Ghazal 84, Verse 5x


.sabr aur yih adaa kih dil aave asiir-e chaak
dard aur yih kamii;N kih rah-e naalah vaa karuu;N

1a) endurance-- and such a style/air that the heart might become bound/imprisoned by ripping/tearing!
1b) endurance, and this style/air!-- such that the heart might become bound/imprisoned by ripping/tearing

2a) pain-- and such an ambush that I might open the road of lament!
2b) pain, and this ambush!-- such that I might open the road of lament


.sabr : 'Patience, self-restraint, endurance, patient suffering, resignation'. (Platts p.743)


aave is an archaic form of aa))e (GRAMMAR); here 'come' is used in the sense of 'become' (see Platts p.84)


asiir : 'Bound, tied, made captive; —s.m. Prisoner, captive'. (Platts p.55)


chaak : 'Fissure, cleft, rent, slit, a narrow opening (intentionally left in clothes); —adj. Rent, slit, torn, lacerated'. (Platts p.418)


naalah : 'Complaint, plaint, lamentation, moan, groan; weeping'. (Platts p.1117)


Endurance intends to make the heart a prisoner of the tearing of the wound, so that he would in no way emerge from it; and Pain is in a kind of ambush, seeking somehow to lament, and vent its spleen. (161-62)


Twofold grief and suffering afflicts the madman. One is the claim of Endurance that he should die, but by no means lose his grip on self-control; on the other side is Pain, which insistently demands that he should hasten to lament and complain. (229)

Gyan Chand:

How can I have endurance! Endurance has created such a situation, that I would imprison the heart in ripping-- that is, that the heart would become ripped apart. This will be at the very time when Endurance will have turned its face away. Pain remains anxious for me to begin to lament-- as if there's not Endurance, but Pain.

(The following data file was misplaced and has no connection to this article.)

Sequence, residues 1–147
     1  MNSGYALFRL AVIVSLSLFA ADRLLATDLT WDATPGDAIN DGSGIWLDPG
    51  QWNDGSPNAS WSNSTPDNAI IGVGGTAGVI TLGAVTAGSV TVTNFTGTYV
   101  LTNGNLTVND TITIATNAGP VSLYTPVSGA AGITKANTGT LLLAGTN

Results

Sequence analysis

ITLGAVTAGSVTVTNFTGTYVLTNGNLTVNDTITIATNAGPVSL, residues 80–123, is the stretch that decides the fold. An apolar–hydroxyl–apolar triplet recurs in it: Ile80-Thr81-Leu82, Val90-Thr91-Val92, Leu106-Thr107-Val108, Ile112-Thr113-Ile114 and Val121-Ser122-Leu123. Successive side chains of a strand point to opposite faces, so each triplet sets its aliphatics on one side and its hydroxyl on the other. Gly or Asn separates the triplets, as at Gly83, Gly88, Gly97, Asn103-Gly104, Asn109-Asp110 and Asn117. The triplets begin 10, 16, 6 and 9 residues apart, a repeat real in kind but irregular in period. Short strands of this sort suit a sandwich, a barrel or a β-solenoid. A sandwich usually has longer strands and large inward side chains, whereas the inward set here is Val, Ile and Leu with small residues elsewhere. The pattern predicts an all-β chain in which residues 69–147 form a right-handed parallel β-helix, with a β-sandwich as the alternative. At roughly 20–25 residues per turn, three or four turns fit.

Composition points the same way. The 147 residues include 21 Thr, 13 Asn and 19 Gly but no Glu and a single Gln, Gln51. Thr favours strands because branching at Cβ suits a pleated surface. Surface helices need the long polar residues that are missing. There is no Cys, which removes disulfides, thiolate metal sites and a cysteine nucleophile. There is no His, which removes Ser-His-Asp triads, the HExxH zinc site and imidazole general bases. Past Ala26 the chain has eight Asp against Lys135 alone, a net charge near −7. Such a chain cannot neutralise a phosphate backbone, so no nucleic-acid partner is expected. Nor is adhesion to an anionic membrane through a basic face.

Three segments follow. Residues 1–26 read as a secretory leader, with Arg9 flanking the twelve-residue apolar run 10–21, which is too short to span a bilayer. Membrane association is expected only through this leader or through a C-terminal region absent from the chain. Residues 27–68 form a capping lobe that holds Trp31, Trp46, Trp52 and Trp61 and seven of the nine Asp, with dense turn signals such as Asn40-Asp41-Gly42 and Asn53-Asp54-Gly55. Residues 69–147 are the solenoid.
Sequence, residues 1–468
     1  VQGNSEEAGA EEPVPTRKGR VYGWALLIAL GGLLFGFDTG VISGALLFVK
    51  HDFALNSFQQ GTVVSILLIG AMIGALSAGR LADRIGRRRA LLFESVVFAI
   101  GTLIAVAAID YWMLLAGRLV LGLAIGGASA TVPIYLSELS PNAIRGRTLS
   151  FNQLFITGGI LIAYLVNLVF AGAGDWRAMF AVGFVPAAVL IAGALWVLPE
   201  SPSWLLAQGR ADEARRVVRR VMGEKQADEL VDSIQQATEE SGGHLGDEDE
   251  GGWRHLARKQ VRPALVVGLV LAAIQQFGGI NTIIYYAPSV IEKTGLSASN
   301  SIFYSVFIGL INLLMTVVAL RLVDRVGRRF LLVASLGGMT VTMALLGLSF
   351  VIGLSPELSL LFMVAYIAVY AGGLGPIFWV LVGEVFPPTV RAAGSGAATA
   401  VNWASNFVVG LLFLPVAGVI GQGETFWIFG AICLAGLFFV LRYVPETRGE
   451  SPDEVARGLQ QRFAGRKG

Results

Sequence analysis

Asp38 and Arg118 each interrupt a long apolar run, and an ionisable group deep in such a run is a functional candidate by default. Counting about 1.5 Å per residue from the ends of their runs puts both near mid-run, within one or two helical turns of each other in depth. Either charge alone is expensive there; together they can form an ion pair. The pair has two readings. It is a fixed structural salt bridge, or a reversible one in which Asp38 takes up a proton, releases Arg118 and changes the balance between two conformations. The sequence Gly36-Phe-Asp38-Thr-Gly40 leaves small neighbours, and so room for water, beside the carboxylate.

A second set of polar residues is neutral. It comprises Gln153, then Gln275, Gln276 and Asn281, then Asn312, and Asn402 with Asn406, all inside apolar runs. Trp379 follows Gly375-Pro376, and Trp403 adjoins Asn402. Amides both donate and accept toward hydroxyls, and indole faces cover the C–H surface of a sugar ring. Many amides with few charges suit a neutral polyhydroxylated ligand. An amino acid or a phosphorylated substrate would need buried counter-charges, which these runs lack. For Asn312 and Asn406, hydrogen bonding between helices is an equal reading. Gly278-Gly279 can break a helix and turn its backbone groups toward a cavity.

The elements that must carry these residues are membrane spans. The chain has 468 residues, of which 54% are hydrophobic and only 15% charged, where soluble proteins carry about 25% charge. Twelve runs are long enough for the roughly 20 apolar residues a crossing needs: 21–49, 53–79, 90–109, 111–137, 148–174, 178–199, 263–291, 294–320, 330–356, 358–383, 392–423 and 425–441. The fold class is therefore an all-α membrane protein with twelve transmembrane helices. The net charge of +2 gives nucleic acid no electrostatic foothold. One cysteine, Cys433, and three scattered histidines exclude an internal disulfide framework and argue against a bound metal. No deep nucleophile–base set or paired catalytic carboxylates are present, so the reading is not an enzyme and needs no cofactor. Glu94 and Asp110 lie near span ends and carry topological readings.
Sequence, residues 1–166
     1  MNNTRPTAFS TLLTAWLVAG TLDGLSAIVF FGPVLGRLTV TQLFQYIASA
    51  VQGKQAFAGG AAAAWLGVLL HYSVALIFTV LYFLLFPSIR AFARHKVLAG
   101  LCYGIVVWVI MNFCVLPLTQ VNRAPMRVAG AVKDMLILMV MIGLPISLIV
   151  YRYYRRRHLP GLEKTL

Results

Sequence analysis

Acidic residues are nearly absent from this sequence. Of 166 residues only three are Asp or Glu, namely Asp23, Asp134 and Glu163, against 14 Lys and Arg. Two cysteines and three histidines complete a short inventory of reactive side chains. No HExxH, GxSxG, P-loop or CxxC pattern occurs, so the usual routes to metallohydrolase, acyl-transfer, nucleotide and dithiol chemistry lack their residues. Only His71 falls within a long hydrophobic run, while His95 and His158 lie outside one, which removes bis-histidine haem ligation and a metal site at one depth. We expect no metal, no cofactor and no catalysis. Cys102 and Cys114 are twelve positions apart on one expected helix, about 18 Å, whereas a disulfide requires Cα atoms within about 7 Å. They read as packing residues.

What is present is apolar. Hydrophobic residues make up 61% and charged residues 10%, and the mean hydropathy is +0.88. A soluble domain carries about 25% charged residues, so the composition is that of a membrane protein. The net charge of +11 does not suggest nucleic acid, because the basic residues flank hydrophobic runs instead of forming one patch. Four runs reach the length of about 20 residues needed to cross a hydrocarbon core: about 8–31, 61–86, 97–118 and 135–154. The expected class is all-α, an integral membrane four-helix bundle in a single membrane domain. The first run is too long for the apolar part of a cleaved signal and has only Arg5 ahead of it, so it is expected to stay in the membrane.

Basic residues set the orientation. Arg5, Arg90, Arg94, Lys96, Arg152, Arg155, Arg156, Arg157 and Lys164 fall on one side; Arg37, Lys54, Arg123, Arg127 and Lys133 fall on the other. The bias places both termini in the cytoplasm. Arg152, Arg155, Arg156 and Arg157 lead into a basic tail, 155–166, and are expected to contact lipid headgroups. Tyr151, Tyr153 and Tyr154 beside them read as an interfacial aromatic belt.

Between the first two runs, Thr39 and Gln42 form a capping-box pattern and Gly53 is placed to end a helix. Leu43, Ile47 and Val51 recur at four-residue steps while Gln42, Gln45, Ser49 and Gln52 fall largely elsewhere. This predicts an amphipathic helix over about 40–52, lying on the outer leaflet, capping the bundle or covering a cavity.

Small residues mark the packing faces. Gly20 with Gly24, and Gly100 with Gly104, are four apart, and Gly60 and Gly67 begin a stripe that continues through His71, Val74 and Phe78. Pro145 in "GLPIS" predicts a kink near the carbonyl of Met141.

== Gyan Chand, p. 259



For background see S. R. Faruqi's choices. For more on Ghalib's unpublished verses, see the discussion in {4,8x}.

The idiomatic turn of phrase 'X-- and Y!' is the foundation of both lines here; for greater recognizability, this structure is described on the SETS page as 'I and'. The idea is to point to the extreme incommensurability of X and Y, as though they can hardly even be mentioned in the same breath, much less compared in words. (A similar idiomatic structure is kahaa;N yih , kahaa;N vuh ! ) This 'incommensurability trope' has a paradoxical feeling to it: 'How can X and Y exist in the same world?'. (Or else, conversely, 'X and Y are each other's perfect yand-and-yin complements'.)

One obvious reading is to assign the 'X' qualities to the lover, and the 'Y' qualities to the beloved. But the commentators offer a reading in which all the qualities belong to the lover, so that the verse describes a struggle between personified aspects of his psyche. Really 'I and' verses like this are so open-ended that the possible readings range widely.

A final fillip of indeterminacy is provided by the flexibility of kih . Both lines are so structured that it might introduce either a clause that describes the 'Y' quality alone, as in (1a) and (2a), or a clause that describes a reaction to the whole 'X-- and Y!' situation, as in (1b) and (2b).